How the mighty have fallen as have the little guys like me who never earned over $60,000 in any one year in the antiques trade. Meh! At least I earned a living for 35 out of the last 40 years at it. I've got no right to bitch.

NoDebt's picture

LS- You're probably not going to believe me, and this won't make for an avalanche of up-votes on ZH, but I actually know exactly what you're talking about.  I got a quick education in antiques by an estate auctioneer a few years back.  It's not that the stuff isn't well built with quality materials and a history, it's that so many old people are dying who owned that stuff that it's saturated the market.  

I have a 100 year old china closet in my house that I inherited a few years back.  It's absoluely beautiful and of quality construction with high end materials.  Market value: effectively zero.

 

 

nmewn's picture

I gotta say, the Gauguin looks like something I saw in the DR ;-)

booboo's picture

Beauty is in the eye of the beHoly fuck that looks like shit!!

nmewn's picture

Well, the Haitian & DR artists I've seen rank right up there with the Gauguin piece this idiot spent millions on...lol.  

I'm jus sayin ;-)

PT's picture

"You buy this painting and then after you kill the guy / deliver the drugs / any-other-nefarious-activity I'll buy it from you / direct someone else to buy it from you ..."

And that explains rich people's long pockets and poor taste in art.

I could be wrong.  I know nothing.  But it just seems a little too convenient to not be happening.
Kinda like, "Damn!  After that croupier "gave" me "his" house, I "lost" all that money at the casino."

Grandad Grumps's picture

How does it taste.

I get that art has value to the controllers. They cannot do it.

yogibear's picture

Money going into the stock indexes.

aloha_snakbar's picture

Dayum... maybe I can afford to buy Maw one of those Go-Agains now...

Jäger's picture

more money than brains

Pollygotacracker's picture

Art is another word for money laundering.

moorewasthebestbond's picture

The antiques and art markets are shitting themselves just like luxury real estate is?

 

Can I still expect $10,000 for my outstanding 1976 Delta 88 hardtop?

Mustafa Kemal's picture

"Can I still expect $10,000 for my outstanding 1976 Delta 88 hardtop?"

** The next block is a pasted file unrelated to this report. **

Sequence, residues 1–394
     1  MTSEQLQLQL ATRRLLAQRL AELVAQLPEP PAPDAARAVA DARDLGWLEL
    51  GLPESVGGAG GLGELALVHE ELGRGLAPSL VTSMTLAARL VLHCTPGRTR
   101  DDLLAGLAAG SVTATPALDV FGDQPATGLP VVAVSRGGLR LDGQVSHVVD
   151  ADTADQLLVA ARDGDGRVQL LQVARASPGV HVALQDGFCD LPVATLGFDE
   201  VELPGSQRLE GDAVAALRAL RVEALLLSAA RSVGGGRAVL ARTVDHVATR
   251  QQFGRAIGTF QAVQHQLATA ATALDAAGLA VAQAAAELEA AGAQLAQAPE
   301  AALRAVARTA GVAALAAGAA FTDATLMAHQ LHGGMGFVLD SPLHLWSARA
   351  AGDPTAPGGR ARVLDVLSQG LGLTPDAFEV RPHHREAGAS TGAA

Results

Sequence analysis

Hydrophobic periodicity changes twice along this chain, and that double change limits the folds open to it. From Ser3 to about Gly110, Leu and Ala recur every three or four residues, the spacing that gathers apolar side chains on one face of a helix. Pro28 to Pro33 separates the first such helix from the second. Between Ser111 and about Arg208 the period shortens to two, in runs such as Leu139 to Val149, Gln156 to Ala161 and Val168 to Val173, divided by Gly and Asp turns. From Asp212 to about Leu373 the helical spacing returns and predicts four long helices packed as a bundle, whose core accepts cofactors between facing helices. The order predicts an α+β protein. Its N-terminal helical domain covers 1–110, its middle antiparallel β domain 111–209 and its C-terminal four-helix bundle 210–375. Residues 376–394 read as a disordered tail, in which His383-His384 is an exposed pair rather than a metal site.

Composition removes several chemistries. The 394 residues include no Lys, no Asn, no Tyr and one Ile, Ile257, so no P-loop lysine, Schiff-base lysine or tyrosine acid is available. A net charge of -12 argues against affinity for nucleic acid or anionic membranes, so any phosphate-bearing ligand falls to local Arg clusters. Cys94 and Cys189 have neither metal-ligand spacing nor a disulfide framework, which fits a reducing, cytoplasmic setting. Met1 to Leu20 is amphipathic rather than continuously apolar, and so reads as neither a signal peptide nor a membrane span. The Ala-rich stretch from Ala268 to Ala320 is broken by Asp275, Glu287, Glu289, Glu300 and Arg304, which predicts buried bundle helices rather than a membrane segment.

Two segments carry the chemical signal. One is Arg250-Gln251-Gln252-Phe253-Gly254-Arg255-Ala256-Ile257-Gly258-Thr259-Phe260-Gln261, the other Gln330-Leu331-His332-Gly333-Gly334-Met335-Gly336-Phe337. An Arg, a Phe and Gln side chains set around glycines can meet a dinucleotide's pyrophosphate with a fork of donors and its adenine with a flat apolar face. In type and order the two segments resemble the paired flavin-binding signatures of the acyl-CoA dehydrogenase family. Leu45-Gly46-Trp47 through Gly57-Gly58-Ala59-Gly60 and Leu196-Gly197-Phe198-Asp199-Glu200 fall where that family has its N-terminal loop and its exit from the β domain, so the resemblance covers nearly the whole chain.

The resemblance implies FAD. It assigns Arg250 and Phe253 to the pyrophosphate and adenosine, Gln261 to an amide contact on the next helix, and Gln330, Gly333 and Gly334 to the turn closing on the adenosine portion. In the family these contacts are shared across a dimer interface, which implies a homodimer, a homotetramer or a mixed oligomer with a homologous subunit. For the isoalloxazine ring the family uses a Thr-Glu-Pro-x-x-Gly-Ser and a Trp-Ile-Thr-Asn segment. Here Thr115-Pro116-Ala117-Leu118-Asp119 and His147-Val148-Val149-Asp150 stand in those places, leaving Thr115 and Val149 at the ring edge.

I certainly think so.

FlKeysFisherman's picture

I did a search on this Russian and there's some dubious looking blogs trying to link him to Trump.

whatamaroon's picture

If I got that kind of tax write off I would be rich.

wisehiney's picture

The only Gougin' that I like is when I am grudge fucking some snowflake.

Salzburg1756's picture

Gauguin's paintings of native peoples make them look worse than most criminals in mug shots. Just buy some mug shots, blow them up into picture size, put a frame around them, and stick them on your wall. There you go. You saved a lot of money.

rockstone's picture

$22MM? $18.5 and not a dime more.

83_vf_1100_c's picture

I have better art hanging on the walls in my humble home. Hundreds, not mils. Art racket for snobs.

Megaton Jim's picture

Useless, WAY overpriced art is where NYC kike art snobs launder thier money!

Estee Lauder's picture

I do blacklight on velvet knockoffs

of impressionist and Picasso.

Ok im lying, but i'll give it a try

if anyone is interested.

fjcruiserdxb's picture

It does not matter how much you pay for things using dirty money. He know has $22Mi of clean money. Therefore he actually made a $22Mil profit.

Blankenstein's picture

Wouldn't mind if some of these .01% ers lost their asses.

Steven Cohen (SAC) has around $500 million in fine art and

Ken Griffin from Citadel spent around $600 million and bought $500 million of that in 2015.

https://en.wikipedia.org/wiki/List_of_most_expensive_paintings

williambanzai7's picture

That sure is a fine Banzai7 pictured in the article.

danepol's picture

a fertiliser magnate, eh ... he would know the value of bullshit , then?

ft65's picture

Last scene of the film The Train explains all...

 

https://www.youtube.com/watch?v=OC_NauqyoSg